Here is a classic example. The Kiev web developers who provide outsourcing services say that their best clients are among US small businesses and Ukrainian large companies. Why? Because there is no need to follow rigid requirements in terms of website promotion and visibility, and a contractor may expect a higher fee-to-time ratio. The US clients think an easy availability of broadband services within their country gives them a reason to ignore some common requirements and to believe that huge pictures and codes could also be cool for the dial-up and international users. On the other hand, the Ukrainian key clients often neglect an online visibility issue, as they believe their brand names are widely known both regionally and globally. That's why they trust their contractors absolutely and never draw up the specifications themselves.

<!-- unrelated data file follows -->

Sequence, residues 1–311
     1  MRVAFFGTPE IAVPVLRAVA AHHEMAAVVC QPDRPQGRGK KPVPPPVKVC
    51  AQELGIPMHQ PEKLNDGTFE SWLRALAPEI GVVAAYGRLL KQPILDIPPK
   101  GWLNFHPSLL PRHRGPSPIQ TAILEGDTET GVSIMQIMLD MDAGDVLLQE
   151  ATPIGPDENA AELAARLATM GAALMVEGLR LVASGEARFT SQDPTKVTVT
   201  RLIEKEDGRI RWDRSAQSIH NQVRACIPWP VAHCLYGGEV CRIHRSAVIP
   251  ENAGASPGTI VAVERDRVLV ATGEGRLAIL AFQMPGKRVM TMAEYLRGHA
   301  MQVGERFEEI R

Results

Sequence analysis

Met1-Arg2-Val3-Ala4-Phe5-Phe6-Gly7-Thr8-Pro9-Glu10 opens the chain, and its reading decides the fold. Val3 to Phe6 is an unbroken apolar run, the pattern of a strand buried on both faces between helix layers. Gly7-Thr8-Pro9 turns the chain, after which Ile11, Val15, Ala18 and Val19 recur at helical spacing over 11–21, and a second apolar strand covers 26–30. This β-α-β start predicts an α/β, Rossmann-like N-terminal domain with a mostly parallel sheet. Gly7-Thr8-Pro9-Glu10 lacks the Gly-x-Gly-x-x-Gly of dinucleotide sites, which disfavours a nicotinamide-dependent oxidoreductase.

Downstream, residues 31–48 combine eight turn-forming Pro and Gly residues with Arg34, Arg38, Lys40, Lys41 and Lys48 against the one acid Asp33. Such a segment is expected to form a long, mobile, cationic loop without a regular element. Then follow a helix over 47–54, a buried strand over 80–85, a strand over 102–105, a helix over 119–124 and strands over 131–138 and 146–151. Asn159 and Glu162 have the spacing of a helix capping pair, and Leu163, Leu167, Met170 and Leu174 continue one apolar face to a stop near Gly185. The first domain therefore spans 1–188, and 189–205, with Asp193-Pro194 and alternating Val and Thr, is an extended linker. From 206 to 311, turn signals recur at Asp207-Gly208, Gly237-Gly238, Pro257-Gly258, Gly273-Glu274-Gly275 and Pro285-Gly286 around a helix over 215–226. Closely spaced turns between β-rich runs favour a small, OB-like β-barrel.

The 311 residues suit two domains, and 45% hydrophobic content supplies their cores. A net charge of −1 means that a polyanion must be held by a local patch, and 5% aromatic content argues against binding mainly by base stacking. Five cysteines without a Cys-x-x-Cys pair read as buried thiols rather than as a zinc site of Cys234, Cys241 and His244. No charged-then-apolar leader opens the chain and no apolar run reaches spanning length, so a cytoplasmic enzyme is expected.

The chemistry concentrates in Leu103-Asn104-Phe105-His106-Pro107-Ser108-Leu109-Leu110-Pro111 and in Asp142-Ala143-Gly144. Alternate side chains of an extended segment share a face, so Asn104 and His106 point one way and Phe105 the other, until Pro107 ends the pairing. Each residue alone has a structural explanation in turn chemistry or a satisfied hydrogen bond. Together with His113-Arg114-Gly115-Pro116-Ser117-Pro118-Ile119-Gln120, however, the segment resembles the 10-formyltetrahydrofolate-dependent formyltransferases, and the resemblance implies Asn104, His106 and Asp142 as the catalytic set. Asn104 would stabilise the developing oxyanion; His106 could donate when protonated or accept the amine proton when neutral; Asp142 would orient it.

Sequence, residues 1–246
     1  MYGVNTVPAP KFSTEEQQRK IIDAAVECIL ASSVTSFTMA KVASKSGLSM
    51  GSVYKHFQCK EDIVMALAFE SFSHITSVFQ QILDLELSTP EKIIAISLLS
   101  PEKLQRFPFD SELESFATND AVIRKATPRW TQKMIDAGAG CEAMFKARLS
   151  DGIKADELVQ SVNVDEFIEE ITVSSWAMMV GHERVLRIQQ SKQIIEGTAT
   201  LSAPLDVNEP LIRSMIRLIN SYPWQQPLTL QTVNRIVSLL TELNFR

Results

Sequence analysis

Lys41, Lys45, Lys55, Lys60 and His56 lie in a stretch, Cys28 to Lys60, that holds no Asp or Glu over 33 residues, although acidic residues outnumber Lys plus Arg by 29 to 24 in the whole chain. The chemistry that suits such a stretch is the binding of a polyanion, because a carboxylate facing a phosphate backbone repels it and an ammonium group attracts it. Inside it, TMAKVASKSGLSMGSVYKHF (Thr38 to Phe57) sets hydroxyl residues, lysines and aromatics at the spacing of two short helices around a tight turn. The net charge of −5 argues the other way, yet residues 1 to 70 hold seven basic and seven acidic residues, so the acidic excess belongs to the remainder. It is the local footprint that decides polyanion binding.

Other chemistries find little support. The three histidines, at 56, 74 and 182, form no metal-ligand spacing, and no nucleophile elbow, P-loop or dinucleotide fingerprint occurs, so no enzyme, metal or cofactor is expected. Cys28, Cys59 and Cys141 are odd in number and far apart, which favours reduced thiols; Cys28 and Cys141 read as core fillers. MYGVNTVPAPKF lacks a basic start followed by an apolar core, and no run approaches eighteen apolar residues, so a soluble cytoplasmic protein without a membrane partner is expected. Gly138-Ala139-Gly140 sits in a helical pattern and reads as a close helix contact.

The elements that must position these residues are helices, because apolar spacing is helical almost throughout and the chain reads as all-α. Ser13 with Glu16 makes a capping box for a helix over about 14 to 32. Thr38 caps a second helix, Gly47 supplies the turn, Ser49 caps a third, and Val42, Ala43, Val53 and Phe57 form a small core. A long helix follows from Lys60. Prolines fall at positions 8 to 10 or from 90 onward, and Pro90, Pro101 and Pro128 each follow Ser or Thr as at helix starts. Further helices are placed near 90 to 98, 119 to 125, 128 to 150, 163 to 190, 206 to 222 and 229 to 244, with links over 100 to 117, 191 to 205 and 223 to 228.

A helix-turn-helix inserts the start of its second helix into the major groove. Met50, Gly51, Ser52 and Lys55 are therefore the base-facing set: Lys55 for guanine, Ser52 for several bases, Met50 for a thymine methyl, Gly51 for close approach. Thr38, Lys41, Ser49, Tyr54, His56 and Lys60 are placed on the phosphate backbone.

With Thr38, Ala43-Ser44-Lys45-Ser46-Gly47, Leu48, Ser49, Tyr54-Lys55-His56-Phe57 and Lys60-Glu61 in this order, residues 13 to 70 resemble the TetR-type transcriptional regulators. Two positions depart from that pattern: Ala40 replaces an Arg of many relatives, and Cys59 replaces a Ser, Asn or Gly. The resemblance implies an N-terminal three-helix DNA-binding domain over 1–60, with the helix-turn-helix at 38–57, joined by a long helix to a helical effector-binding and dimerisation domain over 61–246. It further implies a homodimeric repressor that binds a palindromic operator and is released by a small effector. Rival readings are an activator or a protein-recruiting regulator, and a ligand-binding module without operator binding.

The vast majority of website owners around the globe still don't bother imposing limits on graphics and programming codes and don't care about website specifications, especially visibility issues such as keyword and competitor analysis, web page structure, web promotion (, etc. You can launch your web project that way too, but think about what you'll really get: a functional site with tens of thousands of monthly hits or an unreachable online presentation in an Internet-compatible format?

About the Author
Vyacheslav Melnik is the founder and owner of AzureL10n (, a website specializing in web localization, copywriting and search engine optimization for Runet and Uanet, the Russian and Ukrainian portions of the Internet.